“While I am pleased with the actions taken by the court and that OSHA has subsequently suspended President Biden’s unconstitutional vaccine mandate for now, I will continue fighting to put a full stop to his efforts to fire Americans for choosing to not get the vaccine,” said Sen. Roger Marshall, Kansas Republican. “Joe Biden’s mandate is a slap in the face to so many people, including our essential workers, who answered the call last year. These are real people working to feed their families and pay their mortgages.”
Mr. Marshall, all 49 other Senate Republicans and more than 160 House Republicans backed a disapproval resolution Wednesday that would use the Congressional Review Act to quash the OSHA regulation. Though it is unlikely to succeed, the push will force Democrats to vote either in favor or in opposition to the mandate.
Meanwhile, the federal government is expected to ask the 6th Circuit to lift the stay imposed by the 5th Circuit as the fight inches closer to the U.S. Supreme Court.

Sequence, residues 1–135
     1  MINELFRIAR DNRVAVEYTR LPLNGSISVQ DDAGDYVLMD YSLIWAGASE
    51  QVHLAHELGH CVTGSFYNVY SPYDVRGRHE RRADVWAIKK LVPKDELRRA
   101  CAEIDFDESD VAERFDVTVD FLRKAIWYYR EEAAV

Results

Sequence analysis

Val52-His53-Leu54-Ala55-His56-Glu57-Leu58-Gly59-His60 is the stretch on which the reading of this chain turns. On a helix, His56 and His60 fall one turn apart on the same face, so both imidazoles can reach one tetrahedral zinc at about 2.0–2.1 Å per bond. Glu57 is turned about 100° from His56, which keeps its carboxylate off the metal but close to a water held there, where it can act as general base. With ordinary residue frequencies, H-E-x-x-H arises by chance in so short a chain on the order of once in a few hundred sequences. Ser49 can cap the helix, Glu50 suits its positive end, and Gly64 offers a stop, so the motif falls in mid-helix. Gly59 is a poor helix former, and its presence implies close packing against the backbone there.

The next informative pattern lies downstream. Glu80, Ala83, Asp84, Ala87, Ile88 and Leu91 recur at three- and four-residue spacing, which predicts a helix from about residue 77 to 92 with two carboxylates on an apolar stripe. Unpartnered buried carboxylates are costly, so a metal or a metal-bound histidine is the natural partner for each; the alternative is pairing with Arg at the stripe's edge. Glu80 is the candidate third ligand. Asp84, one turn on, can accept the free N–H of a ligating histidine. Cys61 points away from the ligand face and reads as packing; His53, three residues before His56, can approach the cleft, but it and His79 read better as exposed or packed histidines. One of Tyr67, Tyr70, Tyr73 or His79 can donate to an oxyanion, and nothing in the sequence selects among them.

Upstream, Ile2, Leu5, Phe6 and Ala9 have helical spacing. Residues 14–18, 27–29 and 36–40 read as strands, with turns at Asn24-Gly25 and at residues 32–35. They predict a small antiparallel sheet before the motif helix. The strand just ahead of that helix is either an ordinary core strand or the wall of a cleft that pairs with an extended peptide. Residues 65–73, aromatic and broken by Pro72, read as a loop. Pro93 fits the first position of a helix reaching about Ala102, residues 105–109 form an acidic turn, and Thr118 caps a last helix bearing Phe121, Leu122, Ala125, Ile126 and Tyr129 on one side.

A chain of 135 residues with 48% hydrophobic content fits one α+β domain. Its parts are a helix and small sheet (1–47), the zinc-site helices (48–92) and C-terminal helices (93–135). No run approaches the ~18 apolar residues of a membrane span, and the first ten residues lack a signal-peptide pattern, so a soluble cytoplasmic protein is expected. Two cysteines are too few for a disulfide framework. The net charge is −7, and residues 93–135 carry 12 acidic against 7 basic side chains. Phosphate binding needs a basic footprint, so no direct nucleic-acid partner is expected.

“The Sixth Circuit can either lift the Fifth Circuit’s stay or leave it in place. But if the Sixth Circuit leaves the stay in place, then the Biden administration will go to SCOTUS quickly,” Josh Blackman, a professor at South Texas College of Law, said in an email in reference to the high court.
Missouri Attorney General Eric Schmitt, a Republican, highlighted the 6th Circuit showdown as he took a victory lap Wednesday on OSHA’s decision to pause the mandate.
“OSHA announced that they would suspend enforcement of their illegal emergency temporary standard that mandates vaccines or testing on private employers,” he said. “This is a huge victory for the people of Missouri and businesses across the country, and an important step to completely halting these vaccine mandates, but there is more work to be done. Our case has now moved to the 6th Circuit Court of Appeals, and we’re optimistic that we will prevail in completely halting this vaccine mandate once and for all.”